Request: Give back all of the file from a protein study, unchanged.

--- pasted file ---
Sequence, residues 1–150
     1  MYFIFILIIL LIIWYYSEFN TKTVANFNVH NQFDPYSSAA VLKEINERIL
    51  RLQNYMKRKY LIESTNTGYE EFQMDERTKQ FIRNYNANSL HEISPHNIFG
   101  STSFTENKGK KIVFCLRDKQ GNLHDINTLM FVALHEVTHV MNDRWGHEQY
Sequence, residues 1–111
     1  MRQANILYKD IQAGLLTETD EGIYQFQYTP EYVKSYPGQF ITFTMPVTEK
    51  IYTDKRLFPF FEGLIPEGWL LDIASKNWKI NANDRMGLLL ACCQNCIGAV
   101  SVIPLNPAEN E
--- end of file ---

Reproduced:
Sequence, residues 1–150
     1  MYFIFILIIL LIIWYYSEFN TKTVANFNVH NQFDPYSSAA VLKEINERIL
    51  RLQNYMKRKY LIESTNTGYE EFQMDERTKQ FIRNYNANSL HEISPHNIFG
   101  STSFTENKGK KIVFCLRDKQ GNLHDINTLM FVALHEVTHV MNDRWGHEQY
Sequence, residues 1–111
     1  MRQANILYKD IQAGLLTETD EGIYQFQYTP EYVKSYPGQF ITFTMPVTEK
    51  IYTDKRLFPF FEGLIPEGWL LDIASKNWKI NANDRMGLLL ACCQNCIGAV
   101  SVIPLNPAEN E